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Variable frequency drive in HVAC systems

Variable frequency drives (VFD) have been used for HVAC systems in buildings for more than 40 years. But only in recent years, driven by their advanced energy savings features, variable frequency drives have been installed to an increasing number of HVAC systems inside a building.

The traditional use of a variable frequency drive in a HVAC system has focused on capacity modulation. Recent years have seen variable frequency drives applied to systems for fan and pump balancing, network monitoring of equipment, modulation of multiple motors with one VFD, and peak-shaving of equipment energy use. Expanding variable frequency drive applications have challenged maintenance and engineering managers to become more versed in both product specification and application.VFD

Variable frequency drive technology has advanced rapidly in recent years, and understanding the various options for HVAC systems can be confusing. To correctly specify the variable frequency drive, the motor, and its power systems, as well as to maximize the investment in variable frequency drive technology, buyers must pay close attention to key items such as motor specifications, bypass operation, communications, harmonics, shaft grounding, and enclosure types.

Inside the variable frequency drives
From the variable frequency drive basics, we know variable frequency drive technology is based on controlling the sine wave amplitude and frequency of alternating current (AC) power as it is applied to the motor. VFDs used for HVAC applications today are typically AC and use technology termed pulse width modulation (PWM). The variable frequency drive converts AC power to direct current (DC) power using rectifiers that act as one-way gates for current. Insulated gate bipolar transistors (IGBT) convert the DC power back to AC power.

The IGBTs switch on and off, creating pulses to approximate the sine wave of AC power. The more pulses a VFD has, the more closely the output voltage mirrors a sine wave. The time frame or width of the pulse determines the frequency of the output power. Typical variable frequency drives for HVAC applications have 12 pulses with options for six or 18. The variable frequency drive manufacturer can help determine the optimal number of pulses.

New developments in variable frequency drive technology include advanced electronics, reduced size and cost of the VFD, and programming developments.

Active-torque tracking is programming within the variable frequency drive that allows the voltage supplied to the motor to drop while the frequency remains fixed for motor speed control.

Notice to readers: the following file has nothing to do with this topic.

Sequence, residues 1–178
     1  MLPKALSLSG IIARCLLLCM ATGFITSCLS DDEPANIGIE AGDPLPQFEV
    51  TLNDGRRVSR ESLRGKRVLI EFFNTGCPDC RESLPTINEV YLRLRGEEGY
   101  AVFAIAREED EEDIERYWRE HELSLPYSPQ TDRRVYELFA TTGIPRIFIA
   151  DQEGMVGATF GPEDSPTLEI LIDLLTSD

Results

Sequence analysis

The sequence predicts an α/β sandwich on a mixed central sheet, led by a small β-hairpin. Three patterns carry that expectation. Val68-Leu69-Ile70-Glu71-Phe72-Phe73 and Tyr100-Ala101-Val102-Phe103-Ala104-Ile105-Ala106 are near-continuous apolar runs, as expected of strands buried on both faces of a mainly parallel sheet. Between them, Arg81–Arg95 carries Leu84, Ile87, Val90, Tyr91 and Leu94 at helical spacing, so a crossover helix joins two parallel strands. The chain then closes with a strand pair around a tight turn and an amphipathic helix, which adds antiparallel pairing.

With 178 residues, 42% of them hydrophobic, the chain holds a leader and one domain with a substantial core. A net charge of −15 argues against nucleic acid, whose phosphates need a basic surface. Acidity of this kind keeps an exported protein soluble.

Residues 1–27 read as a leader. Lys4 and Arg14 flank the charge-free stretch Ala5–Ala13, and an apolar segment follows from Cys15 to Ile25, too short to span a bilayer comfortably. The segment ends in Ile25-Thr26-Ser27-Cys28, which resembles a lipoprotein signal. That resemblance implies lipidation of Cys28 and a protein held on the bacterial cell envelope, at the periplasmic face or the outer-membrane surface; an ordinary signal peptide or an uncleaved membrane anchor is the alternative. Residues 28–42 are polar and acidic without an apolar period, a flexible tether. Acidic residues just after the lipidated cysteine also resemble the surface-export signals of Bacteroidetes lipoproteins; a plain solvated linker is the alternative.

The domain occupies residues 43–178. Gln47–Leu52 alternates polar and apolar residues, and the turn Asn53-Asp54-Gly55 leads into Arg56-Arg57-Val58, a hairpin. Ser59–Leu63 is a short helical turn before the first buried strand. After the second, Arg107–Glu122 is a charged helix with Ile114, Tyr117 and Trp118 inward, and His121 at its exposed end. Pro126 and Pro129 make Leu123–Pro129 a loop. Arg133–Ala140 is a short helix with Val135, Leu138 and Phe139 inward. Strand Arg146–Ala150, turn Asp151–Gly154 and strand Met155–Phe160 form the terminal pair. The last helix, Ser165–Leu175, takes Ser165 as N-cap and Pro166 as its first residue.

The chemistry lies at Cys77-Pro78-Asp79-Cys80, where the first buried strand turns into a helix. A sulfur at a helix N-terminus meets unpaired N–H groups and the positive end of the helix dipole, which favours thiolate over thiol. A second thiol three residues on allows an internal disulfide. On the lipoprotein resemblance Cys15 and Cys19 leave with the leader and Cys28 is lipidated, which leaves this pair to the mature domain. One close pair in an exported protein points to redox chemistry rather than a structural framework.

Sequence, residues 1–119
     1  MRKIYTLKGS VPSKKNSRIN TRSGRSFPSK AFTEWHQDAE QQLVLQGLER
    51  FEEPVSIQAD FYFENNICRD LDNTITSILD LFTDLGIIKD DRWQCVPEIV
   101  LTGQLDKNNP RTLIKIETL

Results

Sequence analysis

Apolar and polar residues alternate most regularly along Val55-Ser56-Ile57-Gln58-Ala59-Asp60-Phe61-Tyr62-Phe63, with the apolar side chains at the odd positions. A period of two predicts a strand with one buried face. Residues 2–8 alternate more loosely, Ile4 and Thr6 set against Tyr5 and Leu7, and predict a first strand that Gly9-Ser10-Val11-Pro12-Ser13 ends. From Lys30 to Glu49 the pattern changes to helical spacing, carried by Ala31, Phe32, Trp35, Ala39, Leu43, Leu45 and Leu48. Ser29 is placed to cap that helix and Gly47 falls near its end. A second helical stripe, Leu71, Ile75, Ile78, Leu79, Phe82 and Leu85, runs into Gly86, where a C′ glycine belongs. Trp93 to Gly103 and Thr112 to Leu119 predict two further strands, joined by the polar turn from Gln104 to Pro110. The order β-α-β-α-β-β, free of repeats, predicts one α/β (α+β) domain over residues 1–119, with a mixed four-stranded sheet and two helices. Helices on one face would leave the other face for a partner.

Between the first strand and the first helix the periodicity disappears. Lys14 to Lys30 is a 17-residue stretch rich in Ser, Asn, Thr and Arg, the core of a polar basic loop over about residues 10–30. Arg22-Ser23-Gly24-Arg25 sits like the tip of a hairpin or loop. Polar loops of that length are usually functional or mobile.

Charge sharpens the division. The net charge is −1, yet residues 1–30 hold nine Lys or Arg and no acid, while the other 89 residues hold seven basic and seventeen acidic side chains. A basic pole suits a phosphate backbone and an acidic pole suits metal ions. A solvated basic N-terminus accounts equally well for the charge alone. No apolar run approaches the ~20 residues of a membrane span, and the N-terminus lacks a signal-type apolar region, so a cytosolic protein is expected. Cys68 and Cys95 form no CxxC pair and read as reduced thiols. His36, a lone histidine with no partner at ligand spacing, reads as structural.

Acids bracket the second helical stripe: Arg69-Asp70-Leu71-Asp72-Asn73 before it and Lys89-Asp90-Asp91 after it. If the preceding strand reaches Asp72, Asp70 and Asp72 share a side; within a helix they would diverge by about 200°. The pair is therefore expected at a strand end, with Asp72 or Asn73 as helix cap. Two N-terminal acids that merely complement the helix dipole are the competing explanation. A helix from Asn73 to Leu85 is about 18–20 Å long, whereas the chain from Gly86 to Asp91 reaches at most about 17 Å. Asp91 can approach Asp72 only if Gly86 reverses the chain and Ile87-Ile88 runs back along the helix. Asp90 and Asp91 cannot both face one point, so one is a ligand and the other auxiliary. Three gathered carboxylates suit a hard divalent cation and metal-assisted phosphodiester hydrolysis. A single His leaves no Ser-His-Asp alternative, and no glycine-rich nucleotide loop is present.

Maximum motor torque requires the highest voltage available and typically is required at start up and full load. Once the variable frequency drive is up to speed, the torque required drops.

Standard variable frequency drives use a set voltage/frequency curve, either linear or quadratic, that fixes the motor's speed and torque. The set curve may provide more voltage than needed for the torque required at a given speed.

Active torque tracking removes the set curve and allows reductions to the voltage at set frequencies in order to meet the speed and torque requirements, saving energy. The parameter programming has different names that vary by different manufacturers, so buyers should talk with the supplier to specify the programming correctly.

To ensure a long variable frequency drive performance life, buyers need to use unique specifications for the motor and wiring. Motors should be rated as inverter duty, meeting requirements under NEMA MG1 Part 31. Inverter-duty motors have insulation rated for higher voltage in order to handle the continuous spikes coming from the variable frequency drives.

If the motor is not inverter-duty rated and cannot be replaced, the variable frequency drive manufacturer can recommend power-conditioning equipment to assist in reducing effect of the spikes. The distance between the variable frequency drive and the motor will determine the type of output filter and its effectiveness. A dV/dt filter, output reactor, or sine-wave filter are options for power conditioning.

Along with distance concerns, the wiring type and raceway system are important considerations and might be the source of some problems. Basic concerns include interference between power wiring creating noise and affecting nearby critical equipment and controls, along with cable insulation failure. Buyers should discuss wiring installation practices with the variable frequency drive's manufacturer or a consulting engineer to reduce the chances for problems.

Redundancy and Uptime
The type of space, as well as the critical nature of the items conditioned by the equipment, will determine system redundancy and uptime. Variable frequency drive failures are minimal, but they do happen, and repairs usually require the connected equipment to be offline for a period of time. Typical HVAC operations do not require 100 percent uptime, but data centers, hospitals, and laboratories are examples of applications with uptime needs.

A buyer's concerns about lost revenue and tenant complaints also might drive uptime requirements. Technicians might use a bypass to maintain operation during failure of the variable frequency drive. The bypass allows power to circumvent the variable frequency drive and apply full power to the connected equipment. It is important to note that the connected equipment will run at full speed during bypass. If the HVAC system controls cannot handle the full speed, a bypass might not be of value.